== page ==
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Latest Mitosis Stories

2011-10-10 09:09:47

In order for cells of different types to maintain their identities even after repeated rounds of cell division, each cell must "remember" which genes were active before division and pass along that memory to its daughter cells. Cells deal with this challenge by deploying a "bookmarking" process. In the same way a sticky note marks the last-read page in a book, certain molecules tag the active genes in a cell so that, after it divides, the same genes are reactivated right away in the new...

2011-09-08 20:54:30

Researchers at the California Institute of Technology (Caltech) have obtained the first high-resolution, three-dimensional images of a cell with a nucleus undergoing cell division. The observations, made using a powerful imaging technique in combination with a new method for slicing cell samples, indicate that one of the characteristic steps of mitosis is significantly different in some cells. During mitosis, two sets of chromosomes get paired up at the center of the cell's nucleus. Then...

2011-08-26 15:36:49

Researchers at IRB Barcelona discover a crucial mechanism controlling the segregation of genetic material from parent to daughter cells. A finely tuned process of degradation tightly regulates CenH3 protein levels to ensure the correct function of the cell division machinery in Drosophila. From bacteria to humans, all forms of life are based on the capacity of one cell to divide into two or more identical daughter cells. In doing so, cells have to produce a copy of their genetic material...

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2011-08-18 13:48:11

When an egg cell is being formed, the cellular machinery which separates chromosomes is extremely imprecise at fishing them out of the cell's interior, scientists at the European Molecular Biology Laboratory (EMBL) in Heidelberg, Germany, have discovered. The unexpected degree of trial-and-error involved in this process could explain why errors in the number of chromosomes in the egg cell are the leading cause of miscarriages and severe congenital diseases such as trisomies like Down's...

2011-08-08 06:34:54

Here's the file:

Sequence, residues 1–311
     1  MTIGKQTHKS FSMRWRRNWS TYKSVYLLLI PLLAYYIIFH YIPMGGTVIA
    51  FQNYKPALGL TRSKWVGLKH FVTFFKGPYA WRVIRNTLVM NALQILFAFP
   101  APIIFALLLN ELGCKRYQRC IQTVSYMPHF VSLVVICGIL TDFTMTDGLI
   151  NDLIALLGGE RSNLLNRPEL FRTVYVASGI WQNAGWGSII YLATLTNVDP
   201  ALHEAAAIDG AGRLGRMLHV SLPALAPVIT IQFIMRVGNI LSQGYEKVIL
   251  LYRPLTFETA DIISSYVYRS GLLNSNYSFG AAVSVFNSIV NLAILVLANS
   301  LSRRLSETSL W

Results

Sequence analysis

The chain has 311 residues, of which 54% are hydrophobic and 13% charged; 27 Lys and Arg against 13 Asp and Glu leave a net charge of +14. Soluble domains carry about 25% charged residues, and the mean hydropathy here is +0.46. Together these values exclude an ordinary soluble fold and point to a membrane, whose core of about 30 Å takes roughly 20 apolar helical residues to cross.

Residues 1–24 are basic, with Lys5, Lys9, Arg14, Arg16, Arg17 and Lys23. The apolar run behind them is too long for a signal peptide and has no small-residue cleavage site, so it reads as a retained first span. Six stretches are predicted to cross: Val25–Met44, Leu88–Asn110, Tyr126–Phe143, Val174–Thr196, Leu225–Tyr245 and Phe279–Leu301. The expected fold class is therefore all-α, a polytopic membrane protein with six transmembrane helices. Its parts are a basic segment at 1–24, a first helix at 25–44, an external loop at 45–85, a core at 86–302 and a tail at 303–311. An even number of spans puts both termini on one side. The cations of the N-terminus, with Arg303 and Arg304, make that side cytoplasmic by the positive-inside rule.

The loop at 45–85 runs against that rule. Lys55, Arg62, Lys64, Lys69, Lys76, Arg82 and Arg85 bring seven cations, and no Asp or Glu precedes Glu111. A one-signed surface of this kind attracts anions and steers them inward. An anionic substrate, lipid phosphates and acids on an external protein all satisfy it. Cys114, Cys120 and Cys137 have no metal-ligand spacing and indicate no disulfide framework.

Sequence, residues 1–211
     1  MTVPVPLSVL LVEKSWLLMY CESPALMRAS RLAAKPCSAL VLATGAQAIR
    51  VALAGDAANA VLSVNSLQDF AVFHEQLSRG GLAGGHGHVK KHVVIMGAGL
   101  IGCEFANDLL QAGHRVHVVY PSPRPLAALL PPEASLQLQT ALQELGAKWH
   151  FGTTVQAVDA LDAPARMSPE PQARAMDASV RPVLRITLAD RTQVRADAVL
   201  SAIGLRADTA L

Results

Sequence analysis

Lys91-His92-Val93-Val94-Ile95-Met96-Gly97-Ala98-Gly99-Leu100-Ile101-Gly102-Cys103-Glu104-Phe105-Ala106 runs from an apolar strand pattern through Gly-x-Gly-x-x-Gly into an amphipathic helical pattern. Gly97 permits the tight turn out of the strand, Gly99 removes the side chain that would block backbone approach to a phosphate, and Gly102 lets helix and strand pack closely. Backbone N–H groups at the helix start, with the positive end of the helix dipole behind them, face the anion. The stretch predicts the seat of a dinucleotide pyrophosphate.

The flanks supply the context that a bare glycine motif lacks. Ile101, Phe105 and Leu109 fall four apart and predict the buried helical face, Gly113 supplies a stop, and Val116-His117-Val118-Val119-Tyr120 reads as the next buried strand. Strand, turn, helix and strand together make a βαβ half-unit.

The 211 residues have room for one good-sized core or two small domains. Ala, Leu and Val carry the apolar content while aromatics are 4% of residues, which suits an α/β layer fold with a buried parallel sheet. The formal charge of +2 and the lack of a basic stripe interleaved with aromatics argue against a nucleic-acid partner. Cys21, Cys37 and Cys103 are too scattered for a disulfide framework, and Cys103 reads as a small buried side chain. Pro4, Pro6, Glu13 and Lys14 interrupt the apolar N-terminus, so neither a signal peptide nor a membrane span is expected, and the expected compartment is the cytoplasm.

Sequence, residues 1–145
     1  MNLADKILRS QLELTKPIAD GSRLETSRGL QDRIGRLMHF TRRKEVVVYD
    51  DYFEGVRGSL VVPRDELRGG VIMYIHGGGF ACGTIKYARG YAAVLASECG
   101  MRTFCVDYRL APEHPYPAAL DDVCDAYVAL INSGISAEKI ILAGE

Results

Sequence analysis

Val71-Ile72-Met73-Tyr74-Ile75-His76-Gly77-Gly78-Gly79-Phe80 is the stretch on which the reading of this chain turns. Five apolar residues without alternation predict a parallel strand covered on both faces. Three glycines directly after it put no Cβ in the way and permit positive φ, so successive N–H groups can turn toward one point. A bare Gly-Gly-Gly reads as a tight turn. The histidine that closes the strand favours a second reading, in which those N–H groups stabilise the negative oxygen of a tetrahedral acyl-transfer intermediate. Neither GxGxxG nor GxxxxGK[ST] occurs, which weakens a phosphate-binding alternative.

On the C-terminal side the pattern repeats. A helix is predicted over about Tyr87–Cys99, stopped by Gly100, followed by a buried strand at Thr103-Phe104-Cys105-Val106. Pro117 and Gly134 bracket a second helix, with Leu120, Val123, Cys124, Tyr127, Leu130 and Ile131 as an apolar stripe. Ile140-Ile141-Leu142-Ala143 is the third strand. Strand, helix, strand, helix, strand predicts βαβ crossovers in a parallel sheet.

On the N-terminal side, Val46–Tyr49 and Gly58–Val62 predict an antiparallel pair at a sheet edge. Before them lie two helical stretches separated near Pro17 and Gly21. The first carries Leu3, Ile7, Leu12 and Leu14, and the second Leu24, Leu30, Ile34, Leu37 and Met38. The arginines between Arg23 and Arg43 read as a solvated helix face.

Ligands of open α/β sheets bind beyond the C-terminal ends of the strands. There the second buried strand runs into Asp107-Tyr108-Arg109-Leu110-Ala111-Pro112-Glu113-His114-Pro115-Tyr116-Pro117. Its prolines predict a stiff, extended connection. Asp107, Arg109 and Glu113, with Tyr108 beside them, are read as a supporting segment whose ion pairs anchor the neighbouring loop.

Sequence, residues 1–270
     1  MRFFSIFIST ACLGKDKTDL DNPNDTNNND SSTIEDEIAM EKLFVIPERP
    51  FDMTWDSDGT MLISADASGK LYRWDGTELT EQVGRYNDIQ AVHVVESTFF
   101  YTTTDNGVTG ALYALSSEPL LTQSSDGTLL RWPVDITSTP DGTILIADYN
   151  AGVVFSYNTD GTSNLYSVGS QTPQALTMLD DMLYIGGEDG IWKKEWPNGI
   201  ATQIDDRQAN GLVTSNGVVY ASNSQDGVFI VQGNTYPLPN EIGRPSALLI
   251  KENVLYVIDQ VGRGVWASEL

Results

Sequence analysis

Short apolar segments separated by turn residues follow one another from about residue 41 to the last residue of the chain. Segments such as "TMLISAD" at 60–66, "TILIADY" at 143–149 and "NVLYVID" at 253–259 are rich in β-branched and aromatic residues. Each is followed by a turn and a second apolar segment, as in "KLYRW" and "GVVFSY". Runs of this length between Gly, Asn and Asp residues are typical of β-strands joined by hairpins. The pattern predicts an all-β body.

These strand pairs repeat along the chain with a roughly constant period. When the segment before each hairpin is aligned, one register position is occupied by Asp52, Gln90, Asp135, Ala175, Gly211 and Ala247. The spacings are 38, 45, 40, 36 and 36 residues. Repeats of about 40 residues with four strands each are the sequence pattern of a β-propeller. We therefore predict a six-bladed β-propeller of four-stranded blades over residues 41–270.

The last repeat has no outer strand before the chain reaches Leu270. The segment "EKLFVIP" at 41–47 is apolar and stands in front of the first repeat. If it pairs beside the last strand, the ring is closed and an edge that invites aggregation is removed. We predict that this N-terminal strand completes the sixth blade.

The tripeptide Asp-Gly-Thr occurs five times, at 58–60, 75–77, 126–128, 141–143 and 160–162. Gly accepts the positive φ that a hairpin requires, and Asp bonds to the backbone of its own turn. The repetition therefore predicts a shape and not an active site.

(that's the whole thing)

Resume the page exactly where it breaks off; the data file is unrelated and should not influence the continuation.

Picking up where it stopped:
Discovery may have implications for many diseases Cells are the building blocks of the human body. They are a focus of scientific study, because when things go wrong at the cellular and molecular level the consequences for human health are often significant. A new finding based on multiple collaborations between UNC and Duke scientists over several years points to new avenues for investigation of cell metabolism that may provide insights into diseases ranging from neurodegenerative disorders...

2011-07-18 14:24:58

"ËœCord-stopper' protein complex makes chromosomes easier to move As any rock-climber knows, trailing a long length of rope behind you is not easy. A dangling length of rope is unwieldy and hard to manoeuvre, and can get tangled up or stuck on an outcropping. Cells face the same problem when dragging chromosomes apart during cell division. The chromosomes are pulled by their middle "“ the centromere "“ their arms trailing along behind. Just like climbers carry their rope...

2011-07-04 12:49:36

ESHRE study may answer the question in older women Ovarian stimulation undertaken by women of advanced maternal age (over 35 years) receiving fertility treatment may be disrupting the normal pattern of meiosis "“ a critical process of chromosome duplication followed by two specialised cell divisions in the production of oocytes and sperm "“ and leading to abnormalities of chromosome copy numbers (aneuploidy) that result in IVF failure, pregnancy loss or, more rarely, the birth of...

2011-06-15 13:30:29

Genes control everything from eye color to disease susceptibility, and inheritance - the passing of the genes from generation to generation after they have been duplicated - depends on centromeres. Located in the little pinched waist of each chromosome, centromeres control the movements that separate sister chromosomes when cells divide ensuring that each daughter cell inherits a complete copy of each chromosome. It has long been known that centromeres are not formed solely from DNA; rather,...

2011-04-28 21:19:59

FINDINGS: Whitehead Institute scientists report that two proteins once thought to have only supporting roles, are the true "stars" of the kinetochore assembly process in human cells. RELEVANCE: The kinetochore is vital to proper DNA distribution during cell division. This finding suggests that scientists may be able to stimulate kinetochore assembly in a process that could lead to new genetic research tools, such as efficient creation of artificial human chromosomes. Widespread use of...

2011-04-26 14:57:43

A motor regulatory protein can block human ovarian tumor growth, leading to eventual cancer cell death and possible new therapies to treat the disease, according to Penn State College of Medicine researchers. Among U.S. women, an estimated 21,880 new cases and 13,850 deaths occurred in 2010 from epithelial ovarian cancer, one of the most common forms of ovarian cancer and the most lethal gynecologic cancer in women. Previously, Kathleen M. Mulder, Ph.D., professor, biochemistry and molecular...


Word of the Day
callithump
  • A somewhat riotous parade, accompanied with the blowing of tin horns, and other discordant noises; also, a burlesque serenade; a charivari.
'Callithump' is a back-formation of 'callithumpian,' a 'fanciful formation' according to the Oxford English Dictionary. However, the English Dialect Dictionary, says 'Gallithumpians' is a Dorset and Devon word from the 1790s that refers to 'a society of radical social reformers' or 'noisy disturbers of elections and meetings.'
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